I wrote and performed songs and sketches in revues at the Edinburgh Festival Fringe, stage plays, two of which were commissioned by Aberdeen Children’s Theatre, and radio plays for the BBC, two of which were also broadcast in Australia.

Since the late 1990s, my writing has concentrated on prose fiction. I’ve written many short stories and ten novels, two of which have won awards, with a third being long-listed for the Rubery International Book Award.

I’ve held posts as a Royal Literary Fund Writing Fellow at universities in Aberdeen, Dundee and St Andrews and, since 2015, have been organiser of a Scotland-wide scheme which places professional writers in schools to help students with the transition to writing at university. I still give workshops in schools from Orkney to Dundee as part of the scheme and I’ve written five books in Pearson Educational’s ‘Brilliant’ series on study, writing and workplace skills. I also co-authored ‘Just Write’ for Routledge.

Website (and blog):

Facebook pages:

Kathleen Kayembe 

Kathleen Kayembe is the Octavia E. Butler Scholar from Clarion’s class of 2016, with short stories in Lightspeed, Nightmare, and The Best Science Fiction & Fantasy of the Year, Volume 12, as well as an essay in the Hugo-nominated Luminescent Threads: Connections to Octavia E. Butler. Her work appeared on the SFWA and Locus Recommended Reading Lists for 2017, and she is a Shirley Jackson Award nominee. She also publishes queer romance under the pen name Kaseka Nvita, edits part time, and runs the occasional Amherst Writers and Artists writing workshop. She currently lives in St. Louis with a beloved collection of fountain pens, inks, and notebooks, and never enough time to write what she wants.

R. B. Wood

R. B. Wood is a technology consultant and a writer of Speculative and Dark Fiction.  His first novel, The Prodigal’s Foole, was released to critical acclaim in 2012.  Mr. Wood recently has been published online via SickLit Magazine and and appeared in the award-wining anthology “Offbeat: Nine Spins on Song” from Wicked ink Books.  Along with his writing passion, R. B. is host of The Word Count Podcast, and is studying for his MFA at Emerson College.

R. B. currently lives in Boston with his partner Tina, a multitude of cats, and various other critters that visit from time to time.

Around the web:
Website | Twitter | Facebook | Amazon’s R.B. Wood page


Carlos Hernandez

I adore Carlos–he is one of these human beings that is genuinely Brilliant, curious, funny talented and nice. He is probably the most genuine person I’ve ever met. He read from his upcoming middle-grade novel.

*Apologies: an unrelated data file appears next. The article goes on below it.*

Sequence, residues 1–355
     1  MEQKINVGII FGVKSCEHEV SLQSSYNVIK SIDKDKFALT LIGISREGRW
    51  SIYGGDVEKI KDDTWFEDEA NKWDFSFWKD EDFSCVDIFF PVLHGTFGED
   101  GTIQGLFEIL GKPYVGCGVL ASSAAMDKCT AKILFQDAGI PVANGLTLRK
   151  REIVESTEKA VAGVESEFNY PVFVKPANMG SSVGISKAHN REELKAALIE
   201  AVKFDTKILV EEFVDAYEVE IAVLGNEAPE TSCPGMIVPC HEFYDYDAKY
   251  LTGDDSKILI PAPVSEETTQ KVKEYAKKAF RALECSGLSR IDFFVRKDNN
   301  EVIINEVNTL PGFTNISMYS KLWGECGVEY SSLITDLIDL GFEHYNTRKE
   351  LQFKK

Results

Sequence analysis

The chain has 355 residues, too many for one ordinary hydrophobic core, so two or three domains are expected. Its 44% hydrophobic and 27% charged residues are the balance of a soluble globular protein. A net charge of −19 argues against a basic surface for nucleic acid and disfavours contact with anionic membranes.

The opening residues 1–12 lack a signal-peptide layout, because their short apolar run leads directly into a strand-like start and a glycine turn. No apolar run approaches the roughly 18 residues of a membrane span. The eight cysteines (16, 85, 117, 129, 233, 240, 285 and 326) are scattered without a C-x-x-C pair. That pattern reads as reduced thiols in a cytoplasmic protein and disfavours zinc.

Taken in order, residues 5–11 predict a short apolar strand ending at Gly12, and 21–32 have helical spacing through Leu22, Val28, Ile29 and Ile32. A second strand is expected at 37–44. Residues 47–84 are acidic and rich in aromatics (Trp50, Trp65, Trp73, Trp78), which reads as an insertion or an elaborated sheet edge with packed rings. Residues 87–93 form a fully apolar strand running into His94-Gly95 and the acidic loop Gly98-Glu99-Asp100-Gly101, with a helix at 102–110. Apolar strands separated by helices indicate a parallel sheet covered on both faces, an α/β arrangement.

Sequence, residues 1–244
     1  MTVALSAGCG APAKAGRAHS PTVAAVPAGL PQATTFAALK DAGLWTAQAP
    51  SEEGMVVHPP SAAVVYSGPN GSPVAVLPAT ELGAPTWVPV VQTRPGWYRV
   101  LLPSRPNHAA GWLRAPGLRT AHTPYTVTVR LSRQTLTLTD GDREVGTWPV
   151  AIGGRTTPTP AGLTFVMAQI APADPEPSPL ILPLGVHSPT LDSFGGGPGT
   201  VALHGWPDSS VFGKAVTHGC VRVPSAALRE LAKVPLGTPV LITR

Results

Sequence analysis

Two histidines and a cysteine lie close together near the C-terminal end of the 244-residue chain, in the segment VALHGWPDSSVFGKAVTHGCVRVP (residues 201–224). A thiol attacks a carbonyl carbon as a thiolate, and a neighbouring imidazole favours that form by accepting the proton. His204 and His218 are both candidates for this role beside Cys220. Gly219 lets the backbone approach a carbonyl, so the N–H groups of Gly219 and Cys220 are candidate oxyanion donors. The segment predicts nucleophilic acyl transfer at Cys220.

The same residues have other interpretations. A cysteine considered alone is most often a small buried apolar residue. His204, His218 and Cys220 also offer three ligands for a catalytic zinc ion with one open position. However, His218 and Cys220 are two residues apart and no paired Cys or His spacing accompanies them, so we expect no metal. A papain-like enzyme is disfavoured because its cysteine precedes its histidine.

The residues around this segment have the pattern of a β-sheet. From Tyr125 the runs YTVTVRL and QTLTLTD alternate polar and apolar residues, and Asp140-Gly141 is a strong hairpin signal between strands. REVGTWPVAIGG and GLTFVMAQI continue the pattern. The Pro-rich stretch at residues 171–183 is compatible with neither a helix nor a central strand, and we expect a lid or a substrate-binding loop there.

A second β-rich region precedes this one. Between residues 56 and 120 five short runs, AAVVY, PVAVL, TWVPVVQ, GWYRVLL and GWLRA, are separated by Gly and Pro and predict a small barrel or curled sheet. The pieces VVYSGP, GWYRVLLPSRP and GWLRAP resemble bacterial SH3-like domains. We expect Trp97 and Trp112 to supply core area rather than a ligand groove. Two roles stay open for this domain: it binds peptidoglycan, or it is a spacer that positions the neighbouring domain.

Arrived at ReaderCon mid afternoon and setup for the live recording of The Word Count Podcast schedule for tomorrow at 5 PM. Logistics is something pre-strke me loved and post-stroke me struggles with, but in the end, we are ready as we will ever be. Melissa (with baby) and Walt will be joining me on the panel tomorrow and I meet with both of them to discuss final arrangements (okay—I met with Walt to discuss final arrangements. I meet with Melissa because: BABY).

After dinner with Glenn (as is tradition) I attended a delightful trio of back-to-back readings by authors whose work I enjoy and are genuinely good people to boot:

John Langan

John read a bit of his piece from the upcoming The Devil and the Deep:Horror Stories of the Sea edited by Ellen Datlow. A haunting tail of murder and hauntings.


F. Brett Cox

Brett read a few things for us. A couple of short poems and two pieces from his upcoming collection: The End of All Our Exploring.


Scott Edelman

One of my favorite Readecon mainstays and an amazingly delightful man, Scott read his story from  an upcoming anthology to be released in October 2018.


And now the Thursday program is over and I’m heading back to meet up with Glenn to cause more mayhem…ah…ReaderCon!

ReaderCON 29 -Pregame

This evening is the “free” portion of the Readercon program. As I look back over the decade of attending this particular conference, I’m amazed at how many people I’ve met through the con and how far I’ve come as a writer.

I’ve budget for FOUR conferences in 2018–I’ve already been to Boskone and Stokercon. This month Readercon and NECON are back to back, so it boils down to one question: Will I survive the month of July?

While I gird my loins (and pray my liver will serve me has it has in the past), I am delighted to let you all know the I will be doing a LIVE broadcast for episode 78 in Salon A at the Quincy Marriott, 5 PM Friday the 13th of July. I’ll be posting loads of pictures, recordings and descriptions over the next few weeks and hope you’ll join me for this bit of my writing journey.

And never fear–I have notes on Bayou Whispers to incorporate into the manuscript in-between sipping bourbon and catching up with old friends.

It’s Thursday, 12 July and Day One at Readercon. Let’s see what happens next.

Reflection and Hope

Happy New Year to you and your family. May this year be a blessing for you all.Copyright 2018 Boston Globe

I’m typing this via an iPad, by the way. So let’s just blame Apple for any typos, omissions, grammatical errors and stupidity, m’ kay?

Honestly, I hadn’t planned on a blog post until the new season of the #WordCountPodcast launching in a few weeks.

Then I saw one of my handwritten PostIt notes with the words “write more blog posts 2018” scrawled on it.

Might as well kick that off right now, then—it being the first day of 2018 and all.